To update Firefox, go to the "Help->Check for updates..." menu or follow this link.

[Note from the sponsor: eSoft's Intrusion Prevention Softpak protects users from exploits of the mentioned flaw.]

Thursday, February 22, 2007

Wells Fargo Phishing Alert

A new phishing scam targeting Wells Fargo customers is just hitting inboxes. The e-mail is titled "Update your Wells Fargo Account" and contains a link to http://www.wellsfargo.com.update.fr.nf. If you follow that link, you will be redirected to www.accent.dp.ua.

The site looks like this in Firefox:

If you receive e-mail from your bank, never click on links within the e-mail or call phone numbers in the e-mail. Instead, use independent means to lookup the phone number or navigate to the website. Never enter your social security number. And if something looks at all suspicious, don't do fill out any forms.

Google Desktop Compromise Demonstration

Watchfire has put together a really nice demonstration on the dangers of cross site scripting and in particular on some Google Desktop vulnerabilities:


Lowered ThreatLevel, New Word 0-day, and More Security Program Flaws

Just a quick note that eSoft has lowered the Threat Level back to normal levels after expected exploits for flaws disclosed on last week's patch Tuesday failed to materialize. If exploits appear, the Threat Level will be reraised.

In other news, Microsoft is warning of a new flaw in Microsoft Word that is being exploited in the wild on a limited, targeted basis. Few details are available at this time, but it leaves us wondering how long until this flaw will be fixed. Microsoft's recent track record at fixing flaws in Word that have exploits in the wild is very, very bad with the average response time being around 2 months.

Finally, we continue to be amused by the discovery of flaws in programs that are intended to enhance security. Trend Micro's ServerProtect web interface has a very easily exploited authorization bypass vulnerability. An attacker would only need to supply a cookie with a special name to get access to the web interface. We recommend you block external access to TCP port 14942, the default port for ServerProtect.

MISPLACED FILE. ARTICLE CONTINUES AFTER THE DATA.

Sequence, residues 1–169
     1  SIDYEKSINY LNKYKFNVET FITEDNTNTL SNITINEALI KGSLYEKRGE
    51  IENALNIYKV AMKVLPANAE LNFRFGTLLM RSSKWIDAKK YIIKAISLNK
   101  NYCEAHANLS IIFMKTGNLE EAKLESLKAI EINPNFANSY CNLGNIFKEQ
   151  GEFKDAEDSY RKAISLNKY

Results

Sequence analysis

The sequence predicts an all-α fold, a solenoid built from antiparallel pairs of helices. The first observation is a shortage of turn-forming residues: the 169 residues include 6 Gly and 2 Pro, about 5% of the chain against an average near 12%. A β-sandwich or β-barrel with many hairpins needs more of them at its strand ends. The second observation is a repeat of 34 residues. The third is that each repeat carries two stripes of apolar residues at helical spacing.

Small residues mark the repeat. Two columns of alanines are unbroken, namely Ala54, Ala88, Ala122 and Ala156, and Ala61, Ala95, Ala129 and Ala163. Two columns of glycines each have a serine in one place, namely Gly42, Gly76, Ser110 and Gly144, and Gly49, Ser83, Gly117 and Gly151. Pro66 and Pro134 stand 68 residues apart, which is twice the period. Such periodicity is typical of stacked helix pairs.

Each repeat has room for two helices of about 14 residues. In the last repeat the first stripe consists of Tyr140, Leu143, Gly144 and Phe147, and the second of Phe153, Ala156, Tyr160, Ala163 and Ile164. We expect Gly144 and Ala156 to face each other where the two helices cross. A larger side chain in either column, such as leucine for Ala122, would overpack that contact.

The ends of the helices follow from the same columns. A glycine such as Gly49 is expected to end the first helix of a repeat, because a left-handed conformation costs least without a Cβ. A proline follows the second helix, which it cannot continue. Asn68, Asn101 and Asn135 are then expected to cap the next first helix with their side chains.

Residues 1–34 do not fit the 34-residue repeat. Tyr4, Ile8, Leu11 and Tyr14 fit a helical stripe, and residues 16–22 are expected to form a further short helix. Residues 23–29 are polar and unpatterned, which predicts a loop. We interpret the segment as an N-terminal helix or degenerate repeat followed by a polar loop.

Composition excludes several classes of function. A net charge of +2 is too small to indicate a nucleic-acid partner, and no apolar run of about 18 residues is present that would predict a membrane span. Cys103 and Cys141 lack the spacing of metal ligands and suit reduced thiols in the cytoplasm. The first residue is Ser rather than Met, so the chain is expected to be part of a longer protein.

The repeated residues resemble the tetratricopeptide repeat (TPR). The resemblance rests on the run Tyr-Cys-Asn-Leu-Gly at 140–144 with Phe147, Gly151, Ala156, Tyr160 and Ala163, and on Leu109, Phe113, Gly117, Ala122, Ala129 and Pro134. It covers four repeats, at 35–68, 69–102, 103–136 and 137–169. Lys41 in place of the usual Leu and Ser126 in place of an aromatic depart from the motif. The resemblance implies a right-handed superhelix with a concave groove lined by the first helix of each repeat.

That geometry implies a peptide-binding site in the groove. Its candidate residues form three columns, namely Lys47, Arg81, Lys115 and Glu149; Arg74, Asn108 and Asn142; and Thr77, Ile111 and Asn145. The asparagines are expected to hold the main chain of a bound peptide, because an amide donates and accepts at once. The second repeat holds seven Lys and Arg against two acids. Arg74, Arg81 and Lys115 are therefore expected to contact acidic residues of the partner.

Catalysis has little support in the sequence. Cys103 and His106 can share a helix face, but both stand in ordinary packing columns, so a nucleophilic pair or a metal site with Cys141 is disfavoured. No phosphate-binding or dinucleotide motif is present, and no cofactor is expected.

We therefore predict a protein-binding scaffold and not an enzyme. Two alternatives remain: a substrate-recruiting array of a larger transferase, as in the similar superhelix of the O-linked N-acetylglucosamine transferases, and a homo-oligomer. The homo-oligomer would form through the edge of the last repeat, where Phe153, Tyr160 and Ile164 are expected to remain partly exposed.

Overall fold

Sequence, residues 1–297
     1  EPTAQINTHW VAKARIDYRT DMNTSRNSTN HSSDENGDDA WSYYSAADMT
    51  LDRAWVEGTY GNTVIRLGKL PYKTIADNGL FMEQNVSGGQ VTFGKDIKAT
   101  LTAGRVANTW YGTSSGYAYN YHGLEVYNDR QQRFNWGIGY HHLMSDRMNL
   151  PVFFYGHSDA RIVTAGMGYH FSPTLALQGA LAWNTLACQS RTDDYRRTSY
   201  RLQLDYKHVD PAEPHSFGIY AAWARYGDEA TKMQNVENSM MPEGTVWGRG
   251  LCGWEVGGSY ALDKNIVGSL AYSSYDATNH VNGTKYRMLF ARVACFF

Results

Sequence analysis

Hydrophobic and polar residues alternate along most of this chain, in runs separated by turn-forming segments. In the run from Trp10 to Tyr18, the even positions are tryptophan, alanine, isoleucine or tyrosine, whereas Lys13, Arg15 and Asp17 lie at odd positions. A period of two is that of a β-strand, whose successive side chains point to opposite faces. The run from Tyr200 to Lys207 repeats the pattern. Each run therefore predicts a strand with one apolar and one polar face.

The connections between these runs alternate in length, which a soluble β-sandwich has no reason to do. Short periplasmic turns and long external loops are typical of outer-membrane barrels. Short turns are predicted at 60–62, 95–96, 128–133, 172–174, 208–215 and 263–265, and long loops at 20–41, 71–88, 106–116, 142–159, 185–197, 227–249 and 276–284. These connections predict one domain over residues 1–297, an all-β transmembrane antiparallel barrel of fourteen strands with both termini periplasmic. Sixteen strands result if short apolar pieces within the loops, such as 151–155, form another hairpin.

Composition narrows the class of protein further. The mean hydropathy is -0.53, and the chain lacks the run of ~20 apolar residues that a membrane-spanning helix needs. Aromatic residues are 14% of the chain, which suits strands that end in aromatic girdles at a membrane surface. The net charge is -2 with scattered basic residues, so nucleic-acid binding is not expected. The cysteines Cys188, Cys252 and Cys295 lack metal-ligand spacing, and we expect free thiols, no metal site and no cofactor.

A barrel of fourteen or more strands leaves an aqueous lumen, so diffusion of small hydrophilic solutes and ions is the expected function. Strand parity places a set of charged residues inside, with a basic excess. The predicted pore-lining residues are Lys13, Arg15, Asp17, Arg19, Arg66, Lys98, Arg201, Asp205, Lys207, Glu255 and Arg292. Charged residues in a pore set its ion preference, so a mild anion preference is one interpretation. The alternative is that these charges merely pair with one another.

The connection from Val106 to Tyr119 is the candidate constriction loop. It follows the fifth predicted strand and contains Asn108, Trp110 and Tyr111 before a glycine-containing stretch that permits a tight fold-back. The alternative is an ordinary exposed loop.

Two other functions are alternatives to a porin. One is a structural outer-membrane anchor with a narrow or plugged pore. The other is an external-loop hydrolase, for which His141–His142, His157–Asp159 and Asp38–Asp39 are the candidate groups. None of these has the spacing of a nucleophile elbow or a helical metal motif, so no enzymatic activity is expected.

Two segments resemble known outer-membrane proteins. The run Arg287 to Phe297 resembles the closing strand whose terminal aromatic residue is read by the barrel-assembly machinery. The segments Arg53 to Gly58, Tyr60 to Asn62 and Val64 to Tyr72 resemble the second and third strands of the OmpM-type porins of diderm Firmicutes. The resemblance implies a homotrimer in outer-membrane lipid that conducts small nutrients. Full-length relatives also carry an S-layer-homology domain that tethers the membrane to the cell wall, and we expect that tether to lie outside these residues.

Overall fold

Of less consequence is a local privilege escalation in Cisco's Secure Services 4.x, Security Agent (CSA) 5.x, and Trust Agent 1.x/2.x. Secure services? Apparently not. Better go update.

[Note from the sponsor: eSoft's Intrusion Prevention Softpak protects users from the flaw in Trend Micro's ServerProtect product.]

Tuesday, February 13, 2007

Network Security Nightmare Week

What a week for computer security! The eSoft Threat Level has been raised from low yellow to solid orange due to a number of threats of concern to network administrators that are considered extremely critical. Here's an overview of the major threats Threat Center is tracking:

First there's the telnet vulnerability in Solaris 10 and 11. This is at the moment an unpatched vulnerability that will allow anyone to telnet into a Solaris system as root without any kind of authentication. Even scarier, the exploit doesn't require any special tools but can be accomplished with a standard telnet client. If you're running Solaris and have telnet enabled, turn on SSH, turn off telnet, and make sure it never starts up again. And while you're at it, block incoming TCP port 23 at your firewall to avoid all telnet traffic.

It always gets our attention when security products meant to protect you put you at risk. This week we've had a trifecta of these issues. Early in the week we became aware of a vulnerability in Trend Micro's antivirus engine where scanning a malicious UPX-encoded executable file could compromise a system. Now we learn that Microsoft's antivirus engine has its own vulnerability where a malicious PDF file being scanned could compromise a system. Exploits of the vulnerabilities will give the exploiter Administrator privileges. Finally, Cisco IOS IPS has a series of issues that could allow a hacker to take down your IPS box. This is the most recent in a series of Cisco issues that, luckily, we still haven't seen public exploits for. Don't hold your breath though.

Today is Patch Tuesday and in addition to announcing the antivirus scanner bug above, Microsoft has fixed a number of known vulnerabilities, and several unknown ones. The best news is that the growing handful of Microsoft Office vulnerabilities with exploits in the wild have finally been fixed. We've been waiting months for these fixes. Unfortunately, we have new things to worry about.